Since your space reflects your life, a build-up of storage in your basement (the past), attic (the future) or garage (where your car should live), can be a message to you.

Here are 5 tips for dealing with storage situations:

  1. Use it or release it. Be realistic with yourself on whether you really use the item.
    • Don’t keep things out of guilt (it was a present!) or sentimentality (it was my grandmother’s!). There is someone out there who will give it new energy by being thrilled to use it.
    • Don’t keep things for “someday.” If you are saving something for later, think about the timing. If it will be happening within a couple of years, that might make sense. But if it’s been over 5 years or is that far away, then think about it carefully. Will you really want those hand-me-downs in your new dream house? Will your kids want them when they go off to college or have a house of their own?
  2. Know it. Boxes should be labeled with what is in them. If you have a bunch of mystery boxes, then either go through them to see what is in there OR simply label them with the date. If you don’t use it within 6 months – don’t even take another look. Assume you don’t need it and let it go.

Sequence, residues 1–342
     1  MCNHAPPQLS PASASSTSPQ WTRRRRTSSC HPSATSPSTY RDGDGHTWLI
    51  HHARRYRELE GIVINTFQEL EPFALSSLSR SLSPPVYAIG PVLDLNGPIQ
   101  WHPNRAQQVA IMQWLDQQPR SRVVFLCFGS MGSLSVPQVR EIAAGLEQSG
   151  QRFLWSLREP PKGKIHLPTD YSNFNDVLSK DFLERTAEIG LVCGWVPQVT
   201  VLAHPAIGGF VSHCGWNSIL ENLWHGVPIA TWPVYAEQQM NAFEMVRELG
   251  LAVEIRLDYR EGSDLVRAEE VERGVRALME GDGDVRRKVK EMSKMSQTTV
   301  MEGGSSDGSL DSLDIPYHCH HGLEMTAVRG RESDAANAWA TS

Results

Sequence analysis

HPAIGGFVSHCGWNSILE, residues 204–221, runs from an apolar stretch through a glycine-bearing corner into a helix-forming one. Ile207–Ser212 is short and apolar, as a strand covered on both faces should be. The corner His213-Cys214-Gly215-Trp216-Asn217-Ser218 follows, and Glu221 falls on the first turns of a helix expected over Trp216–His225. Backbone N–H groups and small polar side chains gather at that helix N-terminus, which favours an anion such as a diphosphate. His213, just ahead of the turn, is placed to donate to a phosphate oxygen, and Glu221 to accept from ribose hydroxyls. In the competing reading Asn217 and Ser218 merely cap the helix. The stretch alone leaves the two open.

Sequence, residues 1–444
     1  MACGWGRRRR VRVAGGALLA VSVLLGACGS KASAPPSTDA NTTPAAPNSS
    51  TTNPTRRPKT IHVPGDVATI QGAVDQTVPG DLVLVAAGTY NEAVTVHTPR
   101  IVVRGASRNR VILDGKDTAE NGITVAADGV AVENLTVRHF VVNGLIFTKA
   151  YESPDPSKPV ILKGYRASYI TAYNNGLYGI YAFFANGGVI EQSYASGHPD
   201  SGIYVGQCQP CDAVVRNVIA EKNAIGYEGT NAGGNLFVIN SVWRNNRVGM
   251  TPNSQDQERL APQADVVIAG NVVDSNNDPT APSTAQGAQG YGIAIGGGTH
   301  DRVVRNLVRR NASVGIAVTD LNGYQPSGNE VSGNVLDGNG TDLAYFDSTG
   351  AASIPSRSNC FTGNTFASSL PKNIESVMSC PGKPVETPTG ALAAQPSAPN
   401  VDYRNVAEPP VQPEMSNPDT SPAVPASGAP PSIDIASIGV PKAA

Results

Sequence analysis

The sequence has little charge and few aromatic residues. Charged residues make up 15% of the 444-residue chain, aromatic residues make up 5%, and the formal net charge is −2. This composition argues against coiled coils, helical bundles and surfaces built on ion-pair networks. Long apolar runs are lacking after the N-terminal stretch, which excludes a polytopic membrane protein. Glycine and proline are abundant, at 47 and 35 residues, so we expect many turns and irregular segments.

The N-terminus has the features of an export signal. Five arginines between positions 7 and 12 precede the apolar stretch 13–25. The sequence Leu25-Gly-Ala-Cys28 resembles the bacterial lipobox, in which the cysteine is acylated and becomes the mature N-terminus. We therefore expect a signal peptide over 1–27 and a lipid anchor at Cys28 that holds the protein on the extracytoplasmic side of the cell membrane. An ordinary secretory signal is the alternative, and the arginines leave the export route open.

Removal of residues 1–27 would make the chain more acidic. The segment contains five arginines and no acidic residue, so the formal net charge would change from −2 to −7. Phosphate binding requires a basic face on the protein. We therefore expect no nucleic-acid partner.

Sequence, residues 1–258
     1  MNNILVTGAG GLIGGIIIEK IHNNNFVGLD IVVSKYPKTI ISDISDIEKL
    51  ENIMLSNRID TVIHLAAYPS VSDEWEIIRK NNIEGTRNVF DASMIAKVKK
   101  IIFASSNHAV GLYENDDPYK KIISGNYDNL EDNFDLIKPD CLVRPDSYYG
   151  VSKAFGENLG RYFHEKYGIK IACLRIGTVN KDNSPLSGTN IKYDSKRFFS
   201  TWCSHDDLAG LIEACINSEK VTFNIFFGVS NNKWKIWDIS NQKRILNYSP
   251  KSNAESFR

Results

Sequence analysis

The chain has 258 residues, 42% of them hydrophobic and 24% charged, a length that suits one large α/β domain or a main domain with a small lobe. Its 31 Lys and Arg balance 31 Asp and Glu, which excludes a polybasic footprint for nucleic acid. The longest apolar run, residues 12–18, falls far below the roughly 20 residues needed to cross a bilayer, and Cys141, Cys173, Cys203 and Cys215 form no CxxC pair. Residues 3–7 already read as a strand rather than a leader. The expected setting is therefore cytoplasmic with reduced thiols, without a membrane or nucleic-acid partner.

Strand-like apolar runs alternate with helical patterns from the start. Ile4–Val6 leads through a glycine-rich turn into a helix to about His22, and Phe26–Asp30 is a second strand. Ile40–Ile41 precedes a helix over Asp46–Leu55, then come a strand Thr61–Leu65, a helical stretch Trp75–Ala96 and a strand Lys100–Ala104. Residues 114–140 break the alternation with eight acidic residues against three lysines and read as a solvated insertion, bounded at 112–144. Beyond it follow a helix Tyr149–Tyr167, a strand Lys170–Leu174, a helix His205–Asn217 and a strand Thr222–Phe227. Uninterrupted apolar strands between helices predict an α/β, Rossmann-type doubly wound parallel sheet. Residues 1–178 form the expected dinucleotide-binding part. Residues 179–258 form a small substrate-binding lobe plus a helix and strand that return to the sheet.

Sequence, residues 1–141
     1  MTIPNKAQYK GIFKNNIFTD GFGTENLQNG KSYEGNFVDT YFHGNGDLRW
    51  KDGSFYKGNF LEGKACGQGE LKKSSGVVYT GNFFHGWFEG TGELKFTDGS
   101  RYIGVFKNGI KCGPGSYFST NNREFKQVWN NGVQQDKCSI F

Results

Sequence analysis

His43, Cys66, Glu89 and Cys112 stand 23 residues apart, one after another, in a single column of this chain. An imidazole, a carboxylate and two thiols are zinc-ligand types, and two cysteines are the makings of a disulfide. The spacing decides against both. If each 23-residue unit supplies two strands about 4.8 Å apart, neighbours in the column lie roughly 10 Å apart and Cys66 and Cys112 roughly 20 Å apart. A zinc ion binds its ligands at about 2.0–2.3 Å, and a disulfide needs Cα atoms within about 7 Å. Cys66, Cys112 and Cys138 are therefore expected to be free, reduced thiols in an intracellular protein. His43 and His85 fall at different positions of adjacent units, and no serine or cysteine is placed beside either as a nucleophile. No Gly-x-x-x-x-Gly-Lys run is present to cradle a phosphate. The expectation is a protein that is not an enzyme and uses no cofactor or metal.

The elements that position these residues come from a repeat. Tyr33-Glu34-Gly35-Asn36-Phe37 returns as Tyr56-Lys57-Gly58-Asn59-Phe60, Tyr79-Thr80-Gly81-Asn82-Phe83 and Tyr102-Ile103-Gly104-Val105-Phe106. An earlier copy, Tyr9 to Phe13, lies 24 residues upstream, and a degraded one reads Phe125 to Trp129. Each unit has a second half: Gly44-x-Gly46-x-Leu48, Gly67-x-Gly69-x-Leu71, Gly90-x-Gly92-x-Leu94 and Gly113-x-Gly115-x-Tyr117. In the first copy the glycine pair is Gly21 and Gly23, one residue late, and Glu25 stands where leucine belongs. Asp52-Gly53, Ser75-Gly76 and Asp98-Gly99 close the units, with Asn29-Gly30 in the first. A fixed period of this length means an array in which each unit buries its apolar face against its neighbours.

3. Access it. Keep things organized using whatever system works for you. Don’t keep things that are so buried they are too much trouble to reach.
  4. Love it. Don’t store things that “will do.” If you are going to spend time and energy storing it, focus on items that have meaning and bring you joy.
  5. Release it. This is a hard one for us all (yes, me too!). Really take a look and think, “how long has it been since I’ve used this?” Even if you still like it, if you haven’t used it in years, let it go. Give it new life.

Remember, you are investing your energy in all the things that you own/are surrounded by (even if they are “off-site”). It’s important to make sure that they are supporting you. Take another look and maybe make some hard decisions. Opening up and clearing out can only benefit you. Each time we release, we allow – opportunities, health, relationships and more.

Car Shui: What is Your Car Saying About Your Life?